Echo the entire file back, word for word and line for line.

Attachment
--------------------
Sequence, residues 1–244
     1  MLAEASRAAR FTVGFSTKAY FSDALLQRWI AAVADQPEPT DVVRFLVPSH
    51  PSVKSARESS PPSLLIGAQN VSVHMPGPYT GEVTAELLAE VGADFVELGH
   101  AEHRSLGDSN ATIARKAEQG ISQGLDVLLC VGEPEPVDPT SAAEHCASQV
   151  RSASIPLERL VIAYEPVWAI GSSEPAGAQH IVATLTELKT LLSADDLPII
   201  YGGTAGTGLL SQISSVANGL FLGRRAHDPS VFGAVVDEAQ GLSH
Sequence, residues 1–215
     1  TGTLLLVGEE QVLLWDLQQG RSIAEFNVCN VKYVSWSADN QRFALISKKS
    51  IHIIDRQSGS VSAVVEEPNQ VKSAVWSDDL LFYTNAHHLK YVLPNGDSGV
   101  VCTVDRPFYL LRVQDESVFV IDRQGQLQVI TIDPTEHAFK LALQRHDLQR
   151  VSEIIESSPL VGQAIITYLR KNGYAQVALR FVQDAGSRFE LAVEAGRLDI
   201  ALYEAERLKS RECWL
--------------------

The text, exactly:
Sequence, residues 1–244
     1  MLAEASRAAR FTVGFSTKAY FSDALLQRWI AAVADQPEPT DVVRFLVPSH
    51  PSVKSARESS PPSLLIGAQN VSVHMPGPYT GEVTAELLAE VGADFVELGH
   101  AEHRSLGDSN ATIARKAEQG ISQGLDVLLC VGEPEPVDPT SAAEHCASQV
   151  RSASIPLERL VIAYEPVWAI GSSEPAGAQH IVATLTELKT LLSADDLPII
   201  YGGTAGTGLL SQISSVANGL FLGRRAHDPS VFGAVVDEAQ GLSH
Sequence, residues 1–215
     1  TGTLLLVGEE QVLLWDLQQG RSIAEFNVCN VKYVSWSADN QRFALISKKS
    51  IHIIDRQSGS VSAVVEEPNQ VKSAVWSDDL LFYTNAHHLK YVLPNGDSGV
   101  VCTVDRPFYL LRVQDESVFV IDRQGQLQVI TIDPTEHAFK LALQRHDLQR
   151  VSEIIESSPL VGQAIITYLR KNGYAQVALR FVQDAGSRFE LAVEAGRLDI
   201  ALYEAERLKS RECWL